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Benchmarks Of AMD's Newest Gallium3D Driver

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  • yotambien
    replied
    Well, something odd I noticed is that now I don't get much flickering when doing regular GUI stuff, like browsing the web or so. I could live with that. But when stuff is displayed on a terminal it's a lot worse. So, for instance, doing "top -d 0.1" (just to get something going on) the screen flickers every 2-3 seconds or so. That means that sometimes I'll open a terminal and will get annoyed with those glitches when I start typing something.

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  • pingufunkybeat
    replied
    Actually, after reading bridgman's post, I enabled dynamic pm again (with 2.6.36), and I don't have flickers or strange slowdowns anymore. It used to be quite bad. This is on rv710.

    There's almost certainly room for improvement still, but it seems like dynpm becoming a viable option. Perhaps the hardware + CPU combination plays a large role?

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  • yotambien
    replied
    Originally posted by chrisr
    Can you remember what was done to fix this "glitching" issue, please? E.g. was it in the kernel, the driver, or Mesa? Because I was noticing some glitchy behaviour with the 2.6.36.1 kernel and xorg-drv-ati from git recently (HD4890).
    Originally posted by bridgman View Post
    Pretty sure it was in the kernel. My guess is that you would need 2.6.37 to get it.
    I still get flickering with dynpm on R300 hardware with 2.6.37 and everything else from git. Maybe less, yes, but still annoyingly enough as to not activate it.

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  • bridgman
    replied
    The problem is that there will always be new hardware and new graphics standards to support, and having a small hardware-specific layer reduces the effort required to do that (ie gives the development community a chance of keeping up). If the driver requirements ever really became static (or even static-ish) then optimizing for performance at the expense of extensibility might make sense.

    The current Gallium3D API level seems like a pretty reasonable compromise between potential performance and required development effort.

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  • Prescience500
    replied
    Once the Gallium3d drivers are near par with the proprietary drivers the way bridgman mentioned, maybe the next step would be to move the open source drivers from the Gallium3d code back to more hardware specific code. Maybe that might increase odds of a "convergence" of the open source drivers and Catalyst.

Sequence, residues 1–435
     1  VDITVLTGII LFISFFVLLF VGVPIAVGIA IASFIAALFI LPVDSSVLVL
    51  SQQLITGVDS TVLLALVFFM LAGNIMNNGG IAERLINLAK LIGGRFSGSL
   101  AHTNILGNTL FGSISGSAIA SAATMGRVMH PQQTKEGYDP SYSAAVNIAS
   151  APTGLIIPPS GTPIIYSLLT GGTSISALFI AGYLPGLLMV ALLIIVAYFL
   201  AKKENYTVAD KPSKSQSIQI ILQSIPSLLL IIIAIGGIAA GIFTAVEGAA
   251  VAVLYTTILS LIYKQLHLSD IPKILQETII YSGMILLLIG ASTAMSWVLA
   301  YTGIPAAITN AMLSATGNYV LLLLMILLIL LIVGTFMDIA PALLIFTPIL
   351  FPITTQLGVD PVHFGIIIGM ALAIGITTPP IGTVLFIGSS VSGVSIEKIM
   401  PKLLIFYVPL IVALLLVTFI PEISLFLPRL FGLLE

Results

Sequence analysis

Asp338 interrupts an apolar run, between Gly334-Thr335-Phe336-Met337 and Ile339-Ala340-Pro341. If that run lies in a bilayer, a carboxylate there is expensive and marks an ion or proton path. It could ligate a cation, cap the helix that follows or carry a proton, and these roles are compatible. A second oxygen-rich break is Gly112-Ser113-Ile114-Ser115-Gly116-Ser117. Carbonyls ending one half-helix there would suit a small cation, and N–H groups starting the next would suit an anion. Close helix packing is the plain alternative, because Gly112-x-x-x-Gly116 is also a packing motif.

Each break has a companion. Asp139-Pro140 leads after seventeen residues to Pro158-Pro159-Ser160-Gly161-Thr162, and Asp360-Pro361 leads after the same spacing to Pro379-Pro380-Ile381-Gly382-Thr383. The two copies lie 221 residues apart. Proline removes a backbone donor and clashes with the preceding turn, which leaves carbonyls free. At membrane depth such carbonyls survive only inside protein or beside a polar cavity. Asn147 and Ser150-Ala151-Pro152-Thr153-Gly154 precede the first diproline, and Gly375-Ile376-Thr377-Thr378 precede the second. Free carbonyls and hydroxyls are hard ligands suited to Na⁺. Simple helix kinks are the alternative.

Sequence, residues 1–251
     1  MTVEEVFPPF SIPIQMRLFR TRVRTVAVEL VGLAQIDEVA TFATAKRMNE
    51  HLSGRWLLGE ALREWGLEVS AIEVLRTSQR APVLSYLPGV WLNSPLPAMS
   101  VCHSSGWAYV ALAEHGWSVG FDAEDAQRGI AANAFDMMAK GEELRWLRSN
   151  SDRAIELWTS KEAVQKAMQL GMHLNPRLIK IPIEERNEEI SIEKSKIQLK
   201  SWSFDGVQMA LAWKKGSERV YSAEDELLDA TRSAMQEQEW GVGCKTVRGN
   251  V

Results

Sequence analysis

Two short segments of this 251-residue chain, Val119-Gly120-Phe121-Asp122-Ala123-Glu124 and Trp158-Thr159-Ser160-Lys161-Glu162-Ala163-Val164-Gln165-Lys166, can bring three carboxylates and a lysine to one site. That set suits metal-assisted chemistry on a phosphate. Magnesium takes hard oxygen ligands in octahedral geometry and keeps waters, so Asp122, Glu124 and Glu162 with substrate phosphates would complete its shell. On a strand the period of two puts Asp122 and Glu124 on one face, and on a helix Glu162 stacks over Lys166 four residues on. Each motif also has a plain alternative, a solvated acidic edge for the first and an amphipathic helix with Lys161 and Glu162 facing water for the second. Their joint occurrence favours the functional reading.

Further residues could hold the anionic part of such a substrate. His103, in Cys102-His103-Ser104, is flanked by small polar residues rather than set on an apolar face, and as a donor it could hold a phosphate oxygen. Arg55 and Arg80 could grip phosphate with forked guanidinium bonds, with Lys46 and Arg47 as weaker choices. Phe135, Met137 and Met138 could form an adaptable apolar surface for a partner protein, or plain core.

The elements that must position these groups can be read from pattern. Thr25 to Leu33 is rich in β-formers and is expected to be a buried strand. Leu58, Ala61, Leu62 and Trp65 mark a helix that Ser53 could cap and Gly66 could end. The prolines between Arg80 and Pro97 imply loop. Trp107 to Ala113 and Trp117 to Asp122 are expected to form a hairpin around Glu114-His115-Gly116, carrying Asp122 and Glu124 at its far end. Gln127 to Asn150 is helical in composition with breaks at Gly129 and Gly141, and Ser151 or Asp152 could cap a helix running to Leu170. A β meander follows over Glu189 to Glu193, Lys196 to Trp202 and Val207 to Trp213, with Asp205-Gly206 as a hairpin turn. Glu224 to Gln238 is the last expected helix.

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  • bridgman
    replied
    The main reason we are not likely to "move to Gallium3D" is that we started moving to something *like* Gallium3D a few years earlier. The new driver stack showed up first in Vista GL, and arrived in Linux around Sept 2007.

    The open source stack has a very small hardware-specific layer and most of the code is common between vendors. The proprietary stack has relatively more of the code in the hardware-specific layer because that allows slightly higher performance (although it's a lot more work as well). That was one of the factors that led to our initial guesses that the open source stack would end up somewhere around 60-70% of fglrx 3D performance.

    So... bottom line is that we already run on a Gallium3D-ish architecture (and I imagine that other proprietary drivers do as well) so I don't think there would be much benefit to changing again.

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  • glisse
    replied
    Few precisions, there is no such things as drm2. DRI2 is specific to X, it's how X & direct rendering client communicate to each other about front buffer & others auxialiry buffer such as zbuffer or stencil.

    Gallium driver doesn't care about dri2, drm or anythings. In winsys there is a part about windowing system in targets/ folder that target a specific windowing system (here you will mostly see dri fold along egl one).